Then kicker James Tuthill banged a 30-yard field goal off the left upright, leaving the score 17-6 in the Packers' favor.

 The defense came through again, however, setting up another chance. This time, Arrington and Trotter blitzed Favre up the middle, sacking him for an eight-yard loss. Favre sprained his lateral collateral ligament on the play, ending his day.

 ''Any time their star player is out,'' Trotter said, ''that's a positive for you.''

 It should have been.

 The Packers punted one play later, giving Washington the ball on its own 49. The Redskins converted than into a 31-yard field goal, but it could have been more.

 Loverne was flagged for two holding penalties. The first left Washington in a first and 20 from the Packers' 44. The Redskins recovered from that one, but not the second, which occured on second and goal from the 3.

 ''Consistently putting up three points helps keep us behind also,'' Redskins receiver Kevin Lockett said.

 ''The scoring opportunities were there,'' Gardner said. ''But they stopped us. One time two of us were on the goal line waving our arms, but we didn't get the ball.''

 Washington's next two drives ended in fumbles. First, Ramsey was sacked at his own 37, losing the ball.

 The Redskins' defense forced a punt, which should have been a morale boost. Instead it turned out to be the beginning of the end.

 The next series ended in a fumble--Lockett coughed it up at his own 39--and led to a 41-yard Ryan Longwell field goal 5:39 into the fourth quarter.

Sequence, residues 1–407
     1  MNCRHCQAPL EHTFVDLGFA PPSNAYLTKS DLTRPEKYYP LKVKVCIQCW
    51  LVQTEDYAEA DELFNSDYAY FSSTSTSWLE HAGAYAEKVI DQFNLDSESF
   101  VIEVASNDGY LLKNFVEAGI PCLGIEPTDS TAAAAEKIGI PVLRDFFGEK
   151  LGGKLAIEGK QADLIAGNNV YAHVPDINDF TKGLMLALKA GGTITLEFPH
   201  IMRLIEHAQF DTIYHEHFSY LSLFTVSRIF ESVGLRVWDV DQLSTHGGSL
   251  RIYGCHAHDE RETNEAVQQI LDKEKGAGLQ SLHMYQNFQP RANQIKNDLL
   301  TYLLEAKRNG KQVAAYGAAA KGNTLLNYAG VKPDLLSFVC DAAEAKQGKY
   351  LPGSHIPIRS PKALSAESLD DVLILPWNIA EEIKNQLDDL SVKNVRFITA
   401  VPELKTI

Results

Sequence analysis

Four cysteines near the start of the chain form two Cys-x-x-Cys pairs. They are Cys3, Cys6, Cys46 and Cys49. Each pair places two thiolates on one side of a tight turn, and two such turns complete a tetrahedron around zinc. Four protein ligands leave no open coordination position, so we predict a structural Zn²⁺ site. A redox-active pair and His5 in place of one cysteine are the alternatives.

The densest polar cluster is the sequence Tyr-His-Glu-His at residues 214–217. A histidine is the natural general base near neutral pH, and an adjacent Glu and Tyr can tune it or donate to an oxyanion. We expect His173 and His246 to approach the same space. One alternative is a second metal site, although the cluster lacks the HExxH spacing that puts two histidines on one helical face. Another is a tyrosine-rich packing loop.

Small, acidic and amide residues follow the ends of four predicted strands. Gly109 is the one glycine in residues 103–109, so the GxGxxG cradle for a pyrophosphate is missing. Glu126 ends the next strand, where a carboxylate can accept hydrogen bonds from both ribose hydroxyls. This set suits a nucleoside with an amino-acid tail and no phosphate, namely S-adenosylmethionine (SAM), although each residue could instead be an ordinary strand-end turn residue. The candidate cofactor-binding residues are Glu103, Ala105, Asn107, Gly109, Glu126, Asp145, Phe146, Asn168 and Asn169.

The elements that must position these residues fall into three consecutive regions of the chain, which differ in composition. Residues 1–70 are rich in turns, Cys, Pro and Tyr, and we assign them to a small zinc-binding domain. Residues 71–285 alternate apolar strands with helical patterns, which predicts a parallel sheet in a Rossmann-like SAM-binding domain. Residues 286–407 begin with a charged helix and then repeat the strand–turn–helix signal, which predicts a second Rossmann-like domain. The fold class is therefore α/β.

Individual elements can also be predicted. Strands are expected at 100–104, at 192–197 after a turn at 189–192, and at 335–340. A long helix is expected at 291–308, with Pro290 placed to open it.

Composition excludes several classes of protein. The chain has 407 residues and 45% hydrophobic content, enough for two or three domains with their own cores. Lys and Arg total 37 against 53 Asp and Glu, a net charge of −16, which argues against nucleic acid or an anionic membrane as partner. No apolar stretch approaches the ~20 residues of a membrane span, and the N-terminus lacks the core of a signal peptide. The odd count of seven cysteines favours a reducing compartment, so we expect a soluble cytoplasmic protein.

''At that point in the game, that' something I can't do,'' Lockett said. ''We really fell apart in the fourth quarter.''

 Spurrier said, ''Lockett was fumbling in the preseason, too, but he was recovering them.''

 The ensuing drive was worse. Ramsey fumbled when end Kabeer Gbaja-Biamila hit his arm as he was about to throw. Green Bay running back Ahman Green scored on an eight-yard run three plays later.

 ''It got ugly at the end,'' Spurrier said. ''We had our chances and it didn't work out. . . We didn't even make it close. . . We should be playing a lot better than we're playing.

 ''We've played two solid games and four lousy ones and not much in between. But I can't get all mad and yell and scream every week. We've got to find who our best players are. We're still trying to figure that out.''

 The Redskins started well, driving 64 yards on their opening series before Tuthill kicked a 25-yarder.

 But they surrendered the lead quickly as Green capped the Packers' first possession with a 24-yard run, breaking tackles from safety Sam Shade and Arrington.

 Tuthill made it 7-6 with a 53-yard kick, but Green scored on a two-yard run and Longwell added a 36-yard kick with 1:23 left in the half.

 It wasn't enough. Now the Redskins wonder if there's enough time to fix this season, which has quickly gone awry.

 ''Right now this is a crucial time,'' Gardner said. ''We've gotta go deep and turn it around quick.''